Bergeron, M.F., et al. 2011. Consortium for Health and Military Performance and American College of Sports Medicine consensus paper on extreme conditioning programs in military personnel. Current Sports Medicine Reports, 10 (6), 383–89.
For anyone who wants to get slim or maintain a healthy body weight, reading food labels is widely considered a vital dietary strategy. Supermarkets have thousands of them, those black-and-white Nutrition Facts labels telling shoppers how many calories each portion of a product contains. Many recipes in magazines and diet books also indicate the calories you’ll take in with every serving. But now science is showing that not all calories are created equal and those numbers aren’t always, well, black and white.
Childhood obesity, inactivity and poor food choices are taking a toll on today’s youth. In some cases, structured exercise is encouraged for weight management. Unfortunately, this approach doesn’t seem to be working.
According to the National Stroke Association, stroke is the fourth leading cause of death in America and a leading cause of adult disability. A stroke can significantly impact quality of life and reduce functional capacity. However, research presented at the Canadian Stroke Congress in October suggests that stroke patients who engage in regular exercise can improve function.
According to a study from the British Medical Journal, (2012; doi:10.1136/bmjopen-2012-001711), a daily power walk offers more heart health benefits than a leisurely stroll, even if the stroll lasts longer.
As part of The Copenhagen City Heart Study, the researchers followed 10,135 men and women aged 21–98 for 10 years. The purpose was to find links between leisure-time physical activity and risk of developing metabolic syndrome.
Mind-body professionals and other fitness pros may want to offer beneficial stress reduction services to clients—especially those who are most driven to succeed. Among both men and women, people with a type A personality—characteristic of highly competitive and achievement-oriented individuals—may have a higher risk of stroke than their more relaxed and easy-going peers, according to a study in the Journal of Neurology, Neurosurgery & Psychiatry (2012; doi: 10.1136/jnnp-2012-302420).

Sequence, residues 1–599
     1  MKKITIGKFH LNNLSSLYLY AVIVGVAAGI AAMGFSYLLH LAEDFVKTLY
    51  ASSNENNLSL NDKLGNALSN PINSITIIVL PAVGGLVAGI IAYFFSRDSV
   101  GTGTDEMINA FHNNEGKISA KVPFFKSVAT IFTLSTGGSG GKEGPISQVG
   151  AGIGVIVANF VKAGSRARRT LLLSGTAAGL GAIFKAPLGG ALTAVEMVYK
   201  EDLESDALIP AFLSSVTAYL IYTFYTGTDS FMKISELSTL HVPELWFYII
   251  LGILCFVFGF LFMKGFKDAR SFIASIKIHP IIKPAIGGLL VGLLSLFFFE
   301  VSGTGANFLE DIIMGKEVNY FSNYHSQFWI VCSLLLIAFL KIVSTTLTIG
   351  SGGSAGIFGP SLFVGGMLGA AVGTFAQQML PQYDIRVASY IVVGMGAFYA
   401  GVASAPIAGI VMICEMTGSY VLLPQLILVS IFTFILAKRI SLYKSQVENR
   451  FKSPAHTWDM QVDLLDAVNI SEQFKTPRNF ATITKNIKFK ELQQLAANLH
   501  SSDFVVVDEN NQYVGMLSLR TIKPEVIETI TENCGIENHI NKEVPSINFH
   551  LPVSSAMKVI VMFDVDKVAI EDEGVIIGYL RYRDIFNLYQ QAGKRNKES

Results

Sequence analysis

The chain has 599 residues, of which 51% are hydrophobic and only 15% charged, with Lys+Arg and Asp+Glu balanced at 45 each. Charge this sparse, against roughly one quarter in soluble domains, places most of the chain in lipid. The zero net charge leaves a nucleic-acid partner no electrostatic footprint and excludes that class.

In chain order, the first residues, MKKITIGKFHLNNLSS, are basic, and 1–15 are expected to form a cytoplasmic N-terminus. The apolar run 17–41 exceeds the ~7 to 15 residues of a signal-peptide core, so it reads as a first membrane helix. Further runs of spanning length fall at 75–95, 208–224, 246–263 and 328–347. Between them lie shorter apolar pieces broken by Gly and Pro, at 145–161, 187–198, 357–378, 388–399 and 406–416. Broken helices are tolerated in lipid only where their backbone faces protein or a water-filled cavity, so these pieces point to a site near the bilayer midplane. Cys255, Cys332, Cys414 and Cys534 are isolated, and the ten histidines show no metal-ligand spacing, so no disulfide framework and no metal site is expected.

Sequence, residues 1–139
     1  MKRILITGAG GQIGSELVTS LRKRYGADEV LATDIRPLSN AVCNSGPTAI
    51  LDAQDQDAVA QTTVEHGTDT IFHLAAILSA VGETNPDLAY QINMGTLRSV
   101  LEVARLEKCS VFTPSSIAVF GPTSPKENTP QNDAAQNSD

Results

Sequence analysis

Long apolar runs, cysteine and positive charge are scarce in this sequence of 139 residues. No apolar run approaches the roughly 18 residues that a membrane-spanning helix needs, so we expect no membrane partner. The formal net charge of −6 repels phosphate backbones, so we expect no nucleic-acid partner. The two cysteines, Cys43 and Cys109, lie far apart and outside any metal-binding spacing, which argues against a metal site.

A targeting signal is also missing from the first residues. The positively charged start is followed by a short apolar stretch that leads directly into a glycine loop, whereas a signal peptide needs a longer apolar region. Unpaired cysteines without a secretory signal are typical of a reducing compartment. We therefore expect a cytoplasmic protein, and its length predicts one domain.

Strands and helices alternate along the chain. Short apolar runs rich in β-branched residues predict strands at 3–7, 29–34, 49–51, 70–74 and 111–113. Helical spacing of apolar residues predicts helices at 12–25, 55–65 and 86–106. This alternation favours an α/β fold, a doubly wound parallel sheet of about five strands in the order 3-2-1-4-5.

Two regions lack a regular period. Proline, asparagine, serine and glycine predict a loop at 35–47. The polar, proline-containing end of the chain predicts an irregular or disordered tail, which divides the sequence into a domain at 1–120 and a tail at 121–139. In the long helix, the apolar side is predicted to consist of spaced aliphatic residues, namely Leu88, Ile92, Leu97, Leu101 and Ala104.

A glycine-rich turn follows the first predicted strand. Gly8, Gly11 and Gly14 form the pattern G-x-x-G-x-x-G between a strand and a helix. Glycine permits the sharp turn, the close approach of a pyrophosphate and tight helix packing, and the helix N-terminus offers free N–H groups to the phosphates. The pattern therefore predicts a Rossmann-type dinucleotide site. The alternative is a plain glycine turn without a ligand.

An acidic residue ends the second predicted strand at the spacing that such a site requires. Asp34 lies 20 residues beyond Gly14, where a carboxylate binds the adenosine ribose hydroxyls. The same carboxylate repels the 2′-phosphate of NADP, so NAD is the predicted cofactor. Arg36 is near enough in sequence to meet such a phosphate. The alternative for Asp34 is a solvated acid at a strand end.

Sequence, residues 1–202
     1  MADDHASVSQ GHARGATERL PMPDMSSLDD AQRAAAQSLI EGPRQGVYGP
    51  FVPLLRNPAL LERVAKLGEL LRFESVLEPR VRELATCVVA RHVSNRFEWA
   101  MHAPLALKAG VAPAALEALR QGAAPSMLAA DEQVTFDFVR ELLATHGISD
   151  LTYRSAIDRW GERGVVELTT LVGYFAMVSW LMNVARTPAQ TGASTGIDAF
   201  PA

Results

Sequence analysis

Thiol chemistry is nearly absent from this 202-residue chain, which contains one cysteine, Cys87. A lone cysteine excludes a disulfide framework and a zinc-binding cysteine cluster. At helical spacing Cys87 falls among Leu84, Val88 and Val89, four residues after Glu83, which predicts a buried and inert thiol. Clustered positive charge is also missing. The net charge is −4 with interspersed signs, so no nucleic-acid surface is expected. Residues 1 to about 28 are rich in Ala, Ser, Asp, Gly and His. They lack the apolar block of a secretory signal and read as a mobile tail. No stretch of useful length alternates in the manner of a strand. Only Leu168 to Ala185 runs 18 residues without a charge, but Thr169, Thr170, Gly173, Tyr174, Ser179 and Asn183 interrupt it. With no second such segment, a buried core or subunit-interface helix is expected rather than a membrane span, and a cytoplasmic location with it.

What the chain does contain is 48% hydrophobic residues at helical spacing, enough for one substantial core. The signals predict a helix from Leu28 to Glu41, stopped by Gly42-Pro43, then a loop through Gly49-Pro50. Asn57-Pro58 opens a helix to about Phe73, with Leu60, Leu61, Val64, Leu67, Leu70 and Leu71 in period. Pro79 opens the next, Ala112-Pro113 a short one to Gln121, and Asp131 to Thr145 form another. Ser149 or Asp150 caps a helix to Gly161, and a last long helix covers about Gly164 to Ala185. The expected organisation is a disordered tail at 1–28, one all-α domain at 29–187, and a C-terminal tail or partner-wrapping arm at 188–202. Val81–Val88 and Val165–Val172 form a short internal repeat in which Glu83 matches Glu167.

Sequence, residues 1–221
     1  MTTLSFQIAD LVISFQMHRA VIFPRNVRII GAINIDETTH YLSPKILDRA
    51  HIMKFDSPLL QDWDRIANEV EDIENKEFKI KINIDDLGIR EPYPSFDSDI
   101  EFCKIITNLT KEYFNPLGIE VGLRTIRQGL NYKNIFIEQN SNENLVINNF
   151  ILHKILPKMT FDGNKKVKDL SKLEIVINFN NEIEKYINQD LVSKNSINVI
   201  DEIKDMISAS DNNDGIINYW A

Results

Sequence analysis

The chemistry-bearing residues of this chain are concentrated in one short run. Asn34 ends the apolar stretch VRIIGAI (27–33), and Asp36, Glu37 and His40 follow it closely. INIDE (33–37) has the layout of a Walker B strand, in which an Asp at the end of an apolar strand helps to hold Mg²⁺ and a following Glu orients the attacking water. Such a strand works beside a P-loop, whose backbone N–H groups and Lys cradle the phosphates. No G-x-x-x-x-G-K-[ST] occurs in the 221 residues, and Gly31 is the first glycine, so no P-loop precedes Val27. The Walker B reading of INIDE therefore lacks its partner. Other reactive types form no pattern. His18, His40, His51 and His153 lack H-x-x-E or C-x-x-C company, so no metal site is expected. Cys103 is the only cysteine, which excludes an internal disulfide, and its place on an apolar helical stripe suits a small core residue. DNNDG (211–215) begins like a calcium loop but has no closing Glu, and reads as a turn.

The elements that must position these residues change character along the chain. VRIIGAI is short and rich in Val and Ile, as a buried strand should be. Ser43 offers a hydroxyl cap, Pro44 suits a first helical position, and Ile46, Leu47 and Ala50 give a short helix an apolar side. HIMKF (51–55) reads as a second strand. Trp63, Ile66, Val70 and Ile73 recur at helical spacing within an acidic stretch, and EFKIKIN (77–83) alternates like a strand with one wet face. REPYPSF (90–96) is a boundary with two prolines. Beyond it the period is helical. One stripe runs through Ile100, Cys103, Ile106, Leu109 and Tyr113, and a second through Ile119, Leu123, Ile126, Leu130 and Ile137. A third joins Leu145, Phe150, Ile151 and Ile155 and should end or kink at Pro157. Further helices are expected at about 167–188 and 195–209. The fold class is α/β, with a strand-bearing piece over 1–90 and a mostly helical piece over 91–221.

Do you train clients outdoors? You may want to head for verdant forests and lush, grassy settings to boost participants’ mood and energy levels. Being exposed to the color green may be one reason why exercising in nature, also referred to as green exercise, produces physical and mental rewards beyond those that come from exercise alone. Studies have shown that green exercise improves mood, self-esteem, enjoyment and motivation.
One of life’s certainties is that we’re all aging. It’s also certain, however, that not everyone ages at the same rate. According to recent research, people with type 2 diabetes show signs of aging in their cardiovascular system significantly earlier than those without the disease. Fortunately, exercise can help slow this premature aging, bringing people with type 2 diabetes more in line with others who are not diabetic, says researcher Amy Huebschmann of the University of Colorado School of Medicine.newsletter_teaser: One of life’s certainties is that we’re all aging. It’s also certain, however, that not everyone ages at the same rate. According to recent research, people with type 2 diabetes show signs of aging in their cardiovascular system earlier than those without the disease.
A barrage of recent studies has shown the potential for high-intensity interval training to incite fat loss, increase muscular and cardiovascular strength and improve other health markers among participants. But how well does this format play out in a group setting?